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Meet Drew Limsky

Today we’d like to introduce you to Drew Limsky.

Drew, can you briefly walk us through your story – how you started and how you got to where you are today.
When I was a kid, I quit the trumpet and the guitar. I didn’t quit NYU School of Law even though I wanted to, or else I would be forever known as the quitter of the family. Eventually, it dawned on me that I should do something that I didn’t want to quit.

I’d always wanted to be a writer, so I took a summer writing workshop and began a fellowship to study literature for my masters. I took a course from a visiting Washington Post editor, and after a bumpy start, he basically taught me how to become a working journalist and he published my book reviews in the Post. That opened doors: the LA Times, Boston Globe, Baltimore Sun, Atlanta Journal-Constitution. Blurbs of my reviews appeared on book jackets.

I moved back to New York to get my doctorate at NYU, all the time continuing to write and publish. I also was a vagabond college adjunct professor, but in time, the publishing outpaced the teaching in terms of income. My goal was always to get more pieces published (and make more money) than I had the year before. I finally broke into The New York Times, writing about business travel. For years, I had my own column in the gay lifestyle magazine, MetroSource. I wrote for Robb Report, National Geographic Traveler and many other magazines and newspapers, traveling the world. Around the time I was completing my Ph.D. in English on the work of Joan Didion (and reviewing her books for major newspapers), I scored a contract with Conde Nast as a travel editor for a bridal magazine.

That role prepared me to accept the first full-time job I’d ever held, in an agency where I became the editor-in-chief of Lexus Magazine. I became an expert in branded magazines, winning awards for my work with Lexus, Acura, Honda and Holland America Line (founding editor). After five years, a layoff came along that I didn’t survive, and I was back freelancing. I launched a lifestyle magazine for Cadillac, won a ton of awards. At one point I held editor-in-chief positions for three magazines at the same time: Cadillac, Holland America Line’s Mariner Magazine, and Modern Luxury Interiors South Florida (founding editor). Now, I’m enjoying life, living in Miami Beach, Brooklyn and Provincetown, still a world traveler, continually adding and maintaining clients (Miami Herald, Acqualina Resort, Gulfshore Life magazine, XO private aviation, Preferred Hotels, Corcoran, Elliman, Florida Design, Italkraft) and hitting those deadlines.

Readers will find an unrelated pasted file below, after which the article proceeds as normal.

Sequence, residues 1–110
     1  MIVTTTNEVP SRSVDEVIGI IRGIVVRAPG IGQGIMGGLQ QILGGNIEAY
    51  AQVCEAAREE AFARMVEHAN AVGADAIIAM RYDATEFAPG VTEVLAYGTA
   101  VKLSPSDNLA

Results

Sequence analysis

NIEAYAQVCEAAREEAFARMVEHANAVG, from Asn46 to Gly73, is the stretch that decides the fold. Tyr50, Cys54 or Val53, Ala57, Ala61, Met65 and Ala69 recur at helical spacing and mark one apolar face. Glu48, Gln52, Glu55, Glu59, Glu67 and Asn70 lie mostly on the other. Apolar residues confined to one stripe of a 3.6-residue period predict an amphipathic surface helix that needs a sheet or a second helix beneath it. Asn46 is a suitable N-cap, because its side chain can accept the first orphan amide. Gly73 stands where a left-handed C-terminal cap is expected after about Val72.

Has it been a smooth road?
I enjoyed a reasonably smooth trajectory until I lost that first and only full-time job. The security I’d had for five years vanished. I had savings, but I remember walking into a deli to get a sandwich, and promptly losing my appetite because I was hit by a wave of panic about money, about survival. My COBRA was canceled because my payment was a few days late. That freaked me out because I was/am a kidney donor (perfectly healthy) and I do need to check in with the doctor like anyone else.